Attorney-at-Law

A JURISDICTIONAL PRIMER

In Uncategorized on 04/11/2017 at 18:13

Ch J L. Paige (“Iron Fist”) Marvel is truly modest. While her order in Crystal N. Hardiman, Docket No. 298-17, filed 4/11/17, may be just a rehash for Tax Court admitted attorneys and USTCPs, it’s a useful introduction to Tax Court jurisdiction.

It really should have been a designated hitter, rather than requiring me to go fishing through a plethora of orders, some of which came close to Crystal N.’s, but none of which covered as much ground.

I respectfully suggest that designating an order is not an act of self-aggrandizement. We’ve seen a lot of that within less than fifty miles from the Glasshouse at 400 Second Street, NW (I remind myself that this is a non-political blog). Designating this order would not be one such.

I’m not going to copy or paraphrase Ch J Iron Fist’s prose extensively. I must assume perforce that all who read this far have at least a nodding acquaintance with written American English, legal subdivision.

That said, there are two excerpts worth repeating.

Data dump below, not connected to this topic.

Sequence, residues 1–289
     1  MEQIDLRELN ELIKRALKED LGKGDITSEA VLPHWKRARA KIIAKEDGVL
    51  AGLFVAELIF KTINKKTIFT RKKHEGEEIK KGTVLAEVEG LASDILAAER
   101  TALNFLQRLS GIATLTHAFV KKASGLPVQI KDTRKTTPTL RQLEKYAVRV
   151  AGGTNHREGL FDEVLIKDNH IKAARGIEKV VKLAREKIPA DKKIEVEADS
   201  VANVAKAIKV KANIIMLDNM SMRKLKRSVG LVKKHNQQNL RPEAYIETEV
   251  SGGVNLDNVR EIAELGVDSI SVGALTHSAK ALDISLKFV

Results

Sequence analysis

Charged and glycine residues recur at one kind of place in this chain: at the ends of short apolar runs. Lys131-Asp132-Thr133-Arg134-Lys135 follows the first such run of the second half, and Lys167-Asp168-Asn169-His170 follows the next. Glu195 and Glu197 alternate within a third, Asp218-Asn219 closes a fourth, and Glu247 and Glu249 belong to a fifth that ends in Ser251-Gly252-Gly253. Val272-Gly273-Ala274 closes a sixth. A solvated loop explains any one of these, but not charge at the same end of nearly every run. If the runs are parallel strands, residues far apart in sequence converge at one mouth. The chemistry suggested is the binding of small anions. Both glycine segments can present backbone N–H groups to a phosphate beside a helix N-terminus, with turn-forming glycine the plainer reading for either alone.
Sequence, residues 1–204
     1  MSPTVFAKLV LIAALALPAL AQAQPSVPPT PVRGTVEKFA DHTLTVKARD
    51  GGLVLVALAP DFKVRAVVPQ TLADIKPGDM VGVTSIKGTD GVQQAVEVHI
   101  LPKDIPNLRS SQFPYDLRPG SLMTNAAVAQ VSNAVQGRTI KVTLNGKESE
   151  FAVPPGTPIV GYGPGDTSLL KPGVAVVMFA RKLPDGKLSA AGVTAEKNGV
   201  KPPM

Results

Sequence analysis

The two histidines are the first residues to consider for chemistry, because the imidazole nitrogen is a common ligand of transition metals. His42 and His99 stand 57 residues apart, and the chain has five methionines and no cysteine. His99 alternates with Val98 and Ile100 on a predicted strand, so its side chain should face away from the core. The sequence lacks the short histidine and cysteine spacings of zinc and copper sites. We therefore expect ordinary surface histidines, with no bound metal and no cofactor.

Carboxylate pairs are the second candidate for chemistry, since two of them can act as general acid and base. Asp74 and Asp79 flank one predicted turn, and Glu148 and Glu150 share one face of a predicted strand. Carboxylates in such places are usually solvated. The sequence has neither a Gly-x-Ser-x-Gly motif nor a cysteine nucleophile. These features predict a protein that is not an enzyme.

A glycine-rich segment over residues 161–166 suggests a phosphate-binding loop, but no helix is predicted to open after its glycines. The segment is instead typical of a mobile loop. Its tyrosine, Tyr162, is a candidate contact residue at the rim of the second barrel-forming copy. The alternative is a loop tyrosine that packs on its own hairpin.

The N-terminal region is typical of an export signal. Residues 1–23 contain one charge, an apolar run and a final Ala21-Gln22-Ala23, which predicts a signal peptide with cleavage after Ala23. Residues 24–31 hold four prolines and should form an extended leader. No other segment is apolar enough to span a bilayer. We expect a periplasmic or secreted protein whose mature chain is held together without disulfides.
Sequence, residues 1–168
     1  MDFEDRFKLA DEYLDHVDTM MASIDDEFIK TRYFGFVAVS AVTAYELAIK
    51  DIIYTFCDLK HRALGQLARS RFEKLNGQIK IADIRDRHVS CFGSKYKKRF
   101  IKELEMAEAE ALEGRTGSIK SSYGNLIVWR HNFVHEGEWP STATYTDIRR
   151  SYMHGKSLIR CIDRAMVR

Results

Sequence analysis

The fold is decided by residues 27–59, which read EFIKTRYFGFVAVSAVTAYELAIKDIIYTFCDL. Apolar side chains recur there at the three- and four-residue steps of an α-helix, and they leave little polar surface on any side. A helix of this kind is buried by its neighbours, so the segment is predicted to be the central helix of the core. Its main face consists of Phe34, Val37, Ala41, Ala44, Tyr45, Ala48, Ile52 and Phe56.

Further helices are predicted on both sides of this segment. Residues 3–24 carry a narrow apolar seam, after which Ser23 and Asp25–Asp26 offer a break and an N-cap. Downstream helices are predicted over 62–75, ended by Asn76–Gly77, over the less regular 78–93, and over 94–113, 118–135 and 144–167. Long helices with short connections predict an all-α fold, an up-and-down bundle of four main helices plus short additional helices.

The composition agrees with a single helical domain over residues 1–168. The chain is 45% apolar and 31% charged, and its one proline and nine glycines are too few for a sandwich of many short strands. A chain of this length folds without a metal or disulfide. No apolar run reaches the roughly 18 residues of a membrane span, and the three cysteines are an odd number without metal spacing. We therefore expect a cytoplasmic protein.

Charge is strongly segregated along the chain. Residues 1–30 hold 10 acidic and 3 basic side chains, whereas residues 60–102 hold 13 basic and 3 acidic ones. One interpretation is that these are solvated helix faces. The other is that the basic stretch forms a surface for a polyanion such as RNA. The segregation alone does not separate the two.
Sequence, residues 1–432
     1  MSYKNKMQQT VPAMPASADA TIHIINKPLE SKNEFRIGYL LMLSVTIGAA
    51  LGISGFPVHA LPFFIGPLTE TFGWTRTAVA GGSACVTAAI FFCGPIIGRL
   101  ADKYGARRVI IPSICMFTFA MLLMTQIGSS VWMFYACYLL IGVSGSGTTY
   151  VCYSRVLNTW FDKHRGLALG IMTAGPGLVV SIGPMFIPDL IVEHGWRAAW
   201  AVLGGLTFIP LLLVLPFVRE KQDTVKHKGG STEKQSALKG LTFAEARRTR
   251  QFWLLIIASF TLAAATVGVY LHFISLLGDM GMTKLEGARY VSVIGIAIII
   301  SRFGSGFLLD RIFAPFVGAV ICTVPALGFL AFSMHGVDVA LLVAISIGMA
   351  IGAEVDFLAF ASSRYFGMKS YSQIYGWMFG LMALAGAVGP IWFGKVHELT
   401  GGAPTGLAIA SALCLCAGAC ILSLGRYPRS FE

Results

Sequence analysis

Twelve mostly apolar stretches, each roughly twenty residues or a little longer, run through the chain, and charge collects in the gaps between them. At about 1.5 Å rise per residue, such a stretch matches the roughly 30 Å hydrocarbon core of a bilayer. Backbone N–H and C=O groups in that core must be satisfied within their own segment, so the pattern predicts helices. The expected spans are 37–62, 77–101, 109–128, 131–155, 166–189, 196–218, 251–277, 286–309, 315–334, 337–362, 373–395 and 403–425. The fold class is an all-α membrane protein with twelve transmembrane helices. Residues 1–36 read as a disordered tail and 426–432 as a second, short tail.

“…the record at this juncture suggests that petitioner may have sought the assistance of the Court after having become frustrated with attempts to work administratively with the IRS but that the petition here was not based upon or instigated by a specific IRS notice expressly providing petitioner with the right to contest a particular IRS determination in this Court. Suffice it to say that none of the IRS communications supplied by petitioner to date constitute, or can substitute for, a notice of deficiency issued pursuant to 6212, I.R.C., or a notice of determination issued pursuant to sections 6320 and/or 6330, I.R.C, regarding 2014 and 2015, or any other of the narrow class of specified determinations by the IRS that can open the door to the Tax Court. Further, even if a notice of determination had been issued…as suggested by petitioner, this case would be premature with respect to any dispute of such a notice. A petition cannot precede notice issuance.” Order, at p. 3.

And once again, Congress has created a court that does everything but provide cheap and expeditious relief.

“In summary then, the Court on the present record lacks jurisdiction in this case to review any action (or inaction) by respondent in regard to petitioner’s…taxes. Congress has granted the Tax Court no authority to afford any remedy in the circumstances evidenced by this proceeding, regardless of the merits of petitioner’s complaints.” Order, at p. 3.

 

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